Alfons Mervillie was born in 1856 in a very religious family. Of his fifteen siblings five became nuns, one a brother with the Friars Preachers in Ghent and one, like Mervillie himself, a priest. He started his education with his uncle Jan-Baptist in Dentergem, who also imparted to him the first principles of music. Later Mervillie moved to the Minor Seminary in Roeselare, where his teachers included Hugo Verriest (in his final year) and Johan De Stoop (music). De Stoop recognized Mervillie’s musical talent, appointing him as his adjunct organist and choir leader. After graduating at the Minor Seminary Mervillie took a one-year course in philosophy in Roeselare before relocating to Bruges with a view to starting his formative years in theology at the Major Seminary. In 1882 he was ordained as a priest.
In the meantime Mervillie had already been teaching organ and plainchant at the episcopal teachers’ training college in Torhout (1880-1891), where he was dubbed ‘Bach-Mervillie’. His classes of plainsong were based on the Traité de chant liturgique by Johan De Stoop. His pupils included Jozef Valckenaere, Remi Ghesquiere, Andries Bulcke, August Tanghe and Arthur Verhoeven. In 1886 he became honorary president of the Association of Organists of West-Flanders. The shape of his pastoral career developed as follows: in 1891 he became adjunct parish priest in Dudzele, in 1895 he relocated to Nieuwpoort for the same position, and after three more years he was appointed in Aartrijke, still as an adjunct parish priest. Here Mervillie became the soul and key figure of the choral guild, while concurrently founding the St Cecilia brass band. In 1913 he graduated to the position of parish priest in Nieuwkapelle. There he enjoyed tenure until his retirement in 1933, apart from a short stay during the First World War at Drincham in French Flanders.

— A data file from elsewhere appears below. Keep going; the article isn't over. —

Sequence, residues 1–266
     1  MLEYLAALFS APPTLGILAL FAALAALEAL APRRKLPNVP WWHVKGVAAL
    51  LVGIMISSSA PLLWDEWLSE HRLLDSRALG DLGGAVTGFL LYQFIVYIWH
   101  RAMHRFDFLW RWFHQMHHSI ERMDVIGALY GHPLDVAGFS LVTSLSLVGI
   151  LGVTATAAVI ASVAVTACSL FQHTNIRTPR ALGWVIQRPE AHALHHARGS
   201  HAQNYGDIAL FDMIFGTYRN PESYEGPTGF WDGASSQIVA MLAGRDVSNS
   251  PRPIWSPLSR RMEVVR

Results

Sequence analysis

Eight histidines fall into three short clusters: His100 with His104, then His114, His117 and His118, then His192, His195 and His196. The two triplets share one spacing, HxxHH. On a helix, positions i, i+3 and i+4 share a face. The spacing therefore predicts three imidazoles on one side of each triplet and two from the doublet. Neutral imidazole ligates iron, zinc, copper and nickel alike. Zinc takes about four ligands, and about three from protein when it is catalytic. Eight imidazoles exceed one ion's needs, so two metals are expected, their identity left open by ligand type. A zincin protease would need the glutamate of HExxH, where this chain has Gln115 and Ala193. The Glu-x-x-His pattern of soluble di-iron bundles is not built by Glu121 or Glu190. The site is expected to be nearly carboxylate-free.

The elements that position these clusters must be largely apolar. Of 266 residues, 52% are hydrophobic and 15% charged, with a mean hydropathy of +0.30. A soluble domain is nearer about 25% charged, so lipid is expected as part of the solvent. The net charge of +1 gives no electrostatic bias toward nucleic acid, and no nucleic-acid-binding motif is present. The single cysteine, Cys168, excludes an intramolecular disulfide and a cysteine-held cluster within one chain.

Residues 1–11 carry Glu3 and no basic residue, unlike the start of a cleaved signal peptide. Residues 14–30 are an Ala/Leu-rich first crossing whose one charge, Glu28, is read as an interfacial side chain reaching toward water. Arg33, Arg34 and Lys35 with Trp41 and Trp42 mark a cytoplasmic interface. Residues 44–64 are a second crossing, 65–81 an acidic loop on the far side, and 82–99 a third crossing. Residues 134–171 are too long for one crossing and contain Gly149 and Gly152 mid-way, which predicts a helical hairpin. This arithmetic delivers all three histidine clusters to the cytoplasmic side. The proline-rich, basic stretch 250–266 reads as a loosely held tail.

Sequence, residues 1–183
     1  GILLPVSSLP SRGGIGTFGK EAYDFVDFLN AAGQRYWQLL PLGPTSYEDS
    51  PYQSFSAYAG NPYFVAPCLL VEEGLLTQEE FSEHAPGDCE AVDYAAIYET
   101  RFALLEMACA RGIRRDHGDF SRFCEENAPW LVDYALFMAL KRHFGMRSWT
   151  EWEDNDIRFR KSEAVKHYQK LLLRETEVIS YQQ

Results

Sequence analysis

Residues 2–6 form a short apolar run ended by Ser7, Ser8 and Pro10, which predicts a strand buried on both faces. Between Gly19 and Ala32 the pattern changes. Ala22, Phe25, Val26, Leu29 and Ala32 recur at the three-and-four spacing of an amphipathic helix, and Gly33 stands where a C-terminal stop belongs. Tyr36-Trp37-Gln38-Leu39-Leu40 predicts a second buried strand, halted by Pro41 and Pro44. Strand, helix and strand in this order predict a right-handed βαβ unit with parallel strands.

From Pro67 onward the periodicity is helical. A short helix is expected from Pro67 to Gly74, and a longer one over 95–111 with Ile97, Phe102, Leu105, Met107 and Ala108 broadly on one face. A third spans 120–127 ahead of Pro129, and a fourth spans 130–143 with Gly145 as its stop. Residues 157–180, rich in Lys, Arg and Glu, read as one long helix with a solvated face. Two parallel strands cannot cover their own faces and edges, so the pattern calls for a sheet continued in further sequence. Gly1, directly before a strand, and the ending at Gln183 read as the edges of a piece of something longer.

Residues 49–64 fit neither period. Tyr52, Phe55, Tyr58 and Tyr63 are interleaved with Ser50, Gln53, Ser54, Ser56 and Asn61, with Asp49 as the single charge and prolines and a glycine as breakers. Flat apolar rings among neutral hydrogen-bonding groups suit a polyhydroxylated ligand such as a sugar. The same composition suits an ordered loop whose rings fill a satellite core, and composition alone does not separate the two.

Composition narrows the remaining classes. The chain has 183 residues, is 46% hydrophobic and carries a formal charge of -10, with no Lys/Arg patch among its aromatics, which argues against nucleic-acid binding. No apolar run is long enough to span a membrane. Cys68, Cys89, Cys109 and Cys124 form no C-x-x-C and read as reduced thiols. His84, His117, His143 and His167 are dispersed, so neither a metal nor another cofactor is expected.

Mervillie was not only active as a parish priest, he was also a poet, a composer, a conductor, and a writer on current affairs. Thus he wrote in 1904, after several trips to Italy, a comprehensive, two-volume monograph about the then Pope Pius X, which was translated into French and Italian. As a poet Mervillie became renowned with his translation of Longfellow’s poem Evangeline, for which he travelled to England with a view to getting steeped in the life and works of Longfellow. Henry Longfellow was rather popular with Flemish poets, what with Guido Gezelle also translating one of his long poems, The Song of Hiawatha.
In addition to writing poems, Mervillie composed several choral pieces and songs, including Duinelied Leve De Panne (Dune Song, Long Live De Panne 1878), the Christmas carol Duizende Sterren Versieren den Hemel (Thousands of Stars Adorn Heaven, 1879), and the harvest song Het Laatste van de oogst is binnen (The Last Harvest Has Been Reaped, 1902). However, pride of place belongs to his 14 liederen uit de gedichten van Guido Gezelle (14 Songs from the Poems of Guido Gezelle). For his pupils Mervillie composed 2 volumes for organ, entitled 6 Fugen voor orgel met of zonder pedaal (6 Fugues for Organ with or without Pedal) and 33 kleine en gemakkelijke orgelstukken zonder voetspel (33 Little and Easy Organ Pieces without Pedalwork). Two Masses for four parts, thirty Latin motets and several variations for organ also contributed to his oeuvre. Sometimes Mervillie mingled his poetry with his musical experiences, for example in the poem O die Klanken! (Oh, Those Sounds!) inspired by the piano playing of the prematurely deceased André Devaere (1890-1914).
© Studiecentrum voor Vlaamse Muziek - Veerle Bosmans & Adeline Boeckaert (translation: Joris Duytschaever)